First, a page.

0. In previous years, these genes had ITs = 3. An IT = 11+ was
observed for lines with Lr16, Lr17, Lr21,
Lr22a, Lr27, and Lr44. Lines with Lr13,
Lr14a, Lr14b, Lr18, and Lr29 had ITs
= 3-. The IT of plants with genes derived from Agropyron
species, e.g., genes Lr19, LrAgi, LrAgi2,
and LrAgi3 and the combination of genes in Indis (Lr19
+ (Lr13 + Lr17)?) was 3. Thus, the leaf rust population
of 1999 was evaluated as highly virulent.
S.N. Siblkeev and S.A. Voronina.
Resistance to leaf rust and powdery mildew was studied in bread
wheat-alien lines produced by wide crosses with the following
species: A. elongatum (2n = 70, k-43562), Ae. umbellulata
(k-1588), and T. turgidum subsp. dicoccoides (k26118).
For each wide hybrid combination, we obtained a set of lines that
differed from each other by resistance to the leaf rust and powdery
mildew fungi and virus diseases (in the case of wheat-A. elongatum
lines). Resistance was determined by inoculation in a greenhouse
(1998-99 winter season) and under natural infection in the field
Among 72 wheat-A. elongatum lines, 12 were resistant
to leaf rust and powdery mildew, 22 to leaf rust, 24 to powdery
mildew, and 25 to a complex virus diseases. Among 23 wheat-Ae.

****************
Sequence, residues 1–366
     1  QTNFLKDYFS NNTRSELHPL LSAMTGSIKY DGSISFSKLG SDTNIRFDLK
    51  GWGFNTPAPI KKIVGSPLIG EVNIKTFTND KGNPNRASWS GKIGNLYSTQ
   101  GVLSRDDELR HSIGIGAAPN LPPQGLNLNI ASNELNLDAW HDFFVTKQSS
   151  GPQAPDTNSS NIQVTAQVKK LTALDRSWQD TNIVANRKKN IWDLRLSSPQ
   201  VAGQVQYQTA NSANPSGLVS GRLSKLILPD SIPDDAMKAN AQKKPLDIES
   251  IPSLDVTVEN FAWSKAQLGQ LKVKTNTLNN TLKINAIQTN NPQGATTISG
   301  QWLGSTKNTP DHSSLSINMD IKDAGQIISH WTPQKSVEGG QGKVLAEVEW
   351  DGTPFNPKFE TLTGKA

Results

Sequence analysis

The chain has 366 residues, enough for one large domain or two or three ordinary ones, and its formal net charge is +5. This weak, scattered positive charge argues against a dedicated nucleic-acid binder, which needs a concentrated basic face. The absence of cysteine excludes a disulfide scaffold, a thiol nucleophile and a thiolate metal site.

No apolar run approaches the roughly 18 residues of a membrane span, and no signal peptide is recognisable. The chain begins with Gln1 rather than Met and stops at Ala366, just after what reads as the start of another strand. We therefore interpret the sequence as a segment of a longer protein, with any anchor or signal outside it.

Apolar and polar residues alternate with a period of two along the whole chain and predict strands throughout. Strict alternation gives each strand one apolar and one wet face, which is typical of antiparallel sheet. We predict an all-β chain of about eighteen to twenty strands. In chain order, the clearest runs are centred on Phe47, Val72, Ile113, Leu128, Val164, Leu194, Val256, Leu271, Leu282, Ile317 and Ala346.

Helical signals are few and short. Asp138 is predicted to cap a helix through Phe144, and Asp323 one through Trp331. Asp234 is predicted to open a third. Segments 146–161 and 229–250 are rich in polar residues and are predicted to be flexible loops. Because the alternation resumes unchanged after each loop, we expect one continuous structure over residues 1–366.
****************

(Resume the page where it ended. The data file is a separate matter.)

umbellulata lines, two lines were resistant to leaf rust and
powdery mildew and six to powdery mildew only. The bread wheat-wild
emmer hybrids had lines with high resistance to powdery mildew.
This resistance was transfered recently to durum wheat. Previous
results show that the resistance was determined by two dominant
A.E. Druzhin and V.A. Krupnov.
We analyzed the natural infections of loose smut on spring
bread wheat from the Saratov population in the Volga region for
the period between 1907-99. Interestingly, infections were reduced
sharply in seasons when the average air temperature was not lower
than 23-24°C and the maximum was 34-39°C, the variation
in relative humidity was 50 to 30 %, and no precipitation was
recorded during flowering. These conditions occur approximately
once every 6 years. During 50 years of observations for susceptibility
to loose smut in the spring bread wheat cultivar Lutescens 62,
an open-flowering cultivar, no infections occurred in the years
1932, 1939, 1951, 1957, 1961, l966, 1972, 1976, 1980, 1988, 1996,
and 1999. In cultivars with closed-flowering such as the highly
resistant Saratovskaya 29, sharp fluctuations did not affect disease
resistance. The maximum infection in this cultivar in years favorable
for the pathogen was 0.07%. However, with no seed treatment, the
infection in Lutescens 62 was 7 % or greater. The combination
of genes for resistance to loose smut and those for flowering
is very important for breeding wheats resistant to loose smut.
A.E. Alexandrov and V.A. Krupnov.
We studied the reaction of two cultivars and four pairs of
NILs, differing in their resistance to leaf rust, in a natural
infection of powdery mildew (Table 4). The highest level of infection
was observed in 1999; the lowest in 1997.
In all four pairs, the Lr sibs, possessing Lr genes, showed
a higher resistance to powdery mildew than lr sibs without them.
Moreover, in two pairs, this advantage was essential. Lutescens
62 (St) the first Saratov-bred cultivar of the Agricultural Research
Institute of South-East Regions, had the highest rate of disease